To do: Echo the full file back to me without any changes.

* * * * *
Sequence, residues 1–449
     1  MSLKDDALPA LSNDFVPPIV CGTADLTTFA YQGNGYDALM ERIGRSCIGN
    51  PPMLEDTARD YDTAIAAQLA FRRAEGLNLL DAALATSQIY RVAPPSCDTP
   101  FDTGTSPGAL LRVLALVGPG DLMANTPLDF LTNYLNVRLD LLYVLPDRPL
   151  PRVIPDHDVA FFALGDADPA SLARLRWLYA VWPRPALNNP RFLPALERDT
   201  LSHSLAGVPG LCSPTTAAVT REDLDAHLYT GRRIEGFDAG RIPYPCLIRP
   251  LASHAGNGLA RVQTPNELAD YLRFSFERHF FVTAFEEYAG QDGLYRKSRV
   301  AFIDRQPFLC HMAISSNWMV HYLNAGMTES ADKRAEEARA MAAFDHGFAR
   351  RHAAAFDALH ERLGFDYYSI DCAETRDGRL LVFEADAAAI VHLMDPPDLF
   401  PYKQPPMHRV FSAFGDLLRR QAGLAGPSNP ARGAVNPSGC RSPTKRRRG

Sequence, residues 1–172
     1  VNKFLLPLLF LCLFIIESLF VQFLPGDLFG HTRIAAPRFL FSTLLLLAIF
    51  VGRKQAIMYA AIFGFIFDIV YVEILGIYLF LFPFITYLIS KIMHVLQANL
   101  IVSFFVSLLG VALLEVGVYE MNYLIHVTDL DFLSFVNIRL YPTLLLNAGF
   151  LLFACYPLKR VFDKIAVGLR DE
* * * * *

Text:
Sequence, residues 1–449
     1  MSLKDDALPA LSNDFVPPIV CGTADLTTFA YQGNGYDALM ERIGRSCIGN
    51  PPMLEDTARD YDTAIAAQLA FRRAEGLNLL DAALATSQIY RVAPPSCDTP
   101  FDTGTSPGAL LRVLALVGPG DLMANTPLDF LTNYLNVRLD LLYVLPDRPL
   151  PRVIPDHDVA FFALGDADPA SLARLRWLYA VWPRPALNNP RFLPALERDT
   201  LSHSLAGVPG LCSPTTAAVT REDLDAHLYT GRRIEGFDAG RIPYPCLIRP
   251  LASHAGNGLA RVQTPNELAD YLRFSFERHF FVTAFEEYAG QDGLYRKSRV
   301  AFIDRQPFLC HMAISSNWMV HYLNAGMTES ADKRAEEARA MAAFDHGFAR
   351  RHAAAFDALH ERLGFDYYSI DCAETRDGRL LVFEADAAAI VHLMDPPDLF
   401  PYKQPPMHRV FSAFGDLLRR QAGLAGPSNP ARGAVNPSGC RSPTKRRRG

Sequence, residues 1–172
     1  VNKFLLPLLF LCLFIIESLF VQFLPGDLFG HTRIAAPRFL FSTLLLLAIF
    51  VGRKQAIMYA AIFGFIFDIV YVEILGIYLF LFPFITYLIS KIMHVLQANL
   101  IVSFFVSLLG VALLEVGVYE MNYLIHVTDL DFLSFVNIRL YPTLLLNAGF
   151  LLFACYPLKR VFDKIAVGLR DE